The MEA is structured using both common and field-test items. Common items are taken by all students in a given grade level. Student scores are based only on common items. Field-test items are divided among the forms of the test for each grade level. Each student takes only one form of the test and therefore answers a fraction of the field-test items. Field-test items are not identifiable to test takers and have a negligible impact on testing time.
D. The Physical Setting
12 questions D1: Universe and Solar —Students explain the physical formation and changing nature of our universe and solar system, and how our past and present knowledge of the universe and solar system developed. D2: Earth—Students describe and analyze the biological, physical, energy, and human influences that shape and alter Earth systems.
22 questions D3: Matter and Energy—Students describe the structure, behavior, and interaction of matter at the atomic level and the relationship between matter and energy. D4: Force and Motion—Students understand that the laws of force and motion are the same across the universe.
22 questions E. The Living Environment E1: Biodiversity—Students describe and analyze the evidence for relatedness among and within diverse populations of organisms and the importance of biodiversity. E2: Ecosystem—Students describe and analyze the interactions, cycles, and factors that affect short-term and long-term ecosystem stability and change. E3: Cells—Students describe the structure and function of cells at the intracellular and molecular levels, including differentiation to form systems, interactions between cells and their environment, and the impact of cellular processes and changes on individuals. E4: Heredity and Reproduction—Students examine the role of DNA in transferring traits from generation to generation, in differentiating cells, and in evolving new species. E5: Evolution—Students describe the interactions between and among species, populations, and environments that lead to natural selections and evolution.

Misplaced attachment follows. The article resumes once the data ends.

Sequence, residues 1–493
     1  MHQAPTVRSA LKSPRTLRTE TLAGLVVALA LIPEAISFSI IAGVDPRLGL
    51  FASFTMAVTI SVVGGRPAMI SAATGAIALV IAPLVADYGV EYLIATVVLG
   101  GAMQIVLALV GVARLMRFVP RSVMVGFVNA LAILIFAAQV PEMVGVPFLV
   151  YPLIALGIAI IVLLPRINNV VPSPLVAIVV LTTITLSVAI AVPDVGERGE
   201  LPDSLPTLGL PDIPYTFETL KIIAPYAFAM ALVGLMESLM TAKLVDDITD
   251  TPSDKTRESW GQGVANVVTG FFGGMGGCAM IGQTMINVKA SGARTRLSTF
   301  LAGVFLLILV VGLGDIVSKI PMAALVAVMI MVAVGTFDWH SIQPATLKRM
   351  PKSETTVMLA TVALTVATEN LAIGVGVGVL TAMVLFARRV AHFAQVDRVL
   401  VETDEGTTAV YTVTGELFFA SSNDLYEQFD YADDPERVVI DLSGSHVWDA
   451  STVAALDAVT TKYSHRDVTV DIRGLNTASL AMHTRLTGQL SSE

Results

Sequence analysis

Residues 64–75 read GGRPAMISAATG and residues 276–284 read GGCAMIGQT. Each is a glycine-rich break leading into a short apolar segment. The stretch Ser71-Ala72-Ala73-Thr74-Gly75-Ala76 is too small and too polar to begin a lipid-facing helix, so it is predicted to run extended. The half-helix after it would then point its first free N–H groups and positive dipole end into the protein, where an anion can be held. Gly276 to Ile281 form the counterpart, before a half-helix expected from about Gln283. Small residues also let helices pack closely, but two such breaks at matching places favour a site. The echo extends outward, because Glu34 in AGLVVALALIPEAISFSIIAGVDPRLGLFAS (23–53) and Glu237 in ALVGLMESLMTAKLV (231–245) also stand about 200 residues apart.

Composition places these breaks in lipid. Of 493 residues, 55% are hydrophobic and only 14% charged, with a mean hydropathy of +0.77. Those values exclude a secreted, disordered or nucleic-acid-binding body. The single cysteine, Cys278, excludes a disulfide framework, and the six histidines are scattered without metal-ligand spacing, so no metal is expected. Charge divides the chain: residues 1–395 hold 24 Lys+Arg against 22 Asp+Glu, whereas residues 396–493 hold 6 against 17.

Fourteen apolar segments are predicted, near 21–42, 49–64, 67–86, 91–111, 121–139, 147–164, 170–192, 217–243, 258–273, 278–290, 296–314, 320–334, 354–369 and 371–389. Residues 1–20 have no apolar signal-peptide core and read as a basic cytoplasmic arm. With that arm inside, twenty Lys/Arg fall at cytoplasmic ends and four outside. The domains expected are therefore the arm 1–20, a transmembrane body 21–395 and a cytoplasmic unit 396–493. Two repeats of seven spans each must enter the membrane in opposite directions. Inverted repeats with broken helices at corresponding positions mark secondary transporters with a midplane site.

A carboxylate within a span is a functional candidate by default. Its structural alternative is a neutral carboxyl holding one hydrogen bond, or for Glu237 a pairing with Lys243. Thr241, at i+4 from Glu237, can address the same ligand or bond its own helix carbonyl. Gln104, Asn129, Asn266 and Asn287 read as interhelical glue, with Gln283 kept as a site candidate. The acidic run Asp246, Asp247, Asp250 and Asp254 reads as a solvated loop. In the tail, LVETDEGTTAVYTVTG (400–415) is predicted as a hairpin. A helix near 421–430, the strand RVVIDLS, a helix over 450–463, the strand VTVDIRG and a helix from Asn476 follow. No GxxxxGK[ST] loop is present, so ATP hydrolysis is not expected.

9 Recall questions, 37 decision making questions, 10 strategic thinking questions.
Correct answers were assigned a score of one point and incorrect answers were assigned zero points. Student responses with multiple marks and blank responses were also assigned zero points.
Written responses: scorers at computer terminals accessed electronically scanned images of student responses. Scorers evaluated each response and recorded each score via keypad or mouse entry through the iScore system. When a reader finished one response, the next response appeared immediately on the computer screen. Imaged responses from all answer booklets were sorted into item-specific groups for scoring purposes. Scorers reviewed responses from only one item at a time.
Scorers were required to have successfully attained a four-year college degree or higher. Many have masters or PhDs. They spend a lot of time making sure the scorers agree with each other. You get one through four. Zero is nothing, 1 is something, 2 is basic, 3 is general and 4 is specific. In reality, the difference between three and four is likely grammar, word choice, and handwriting.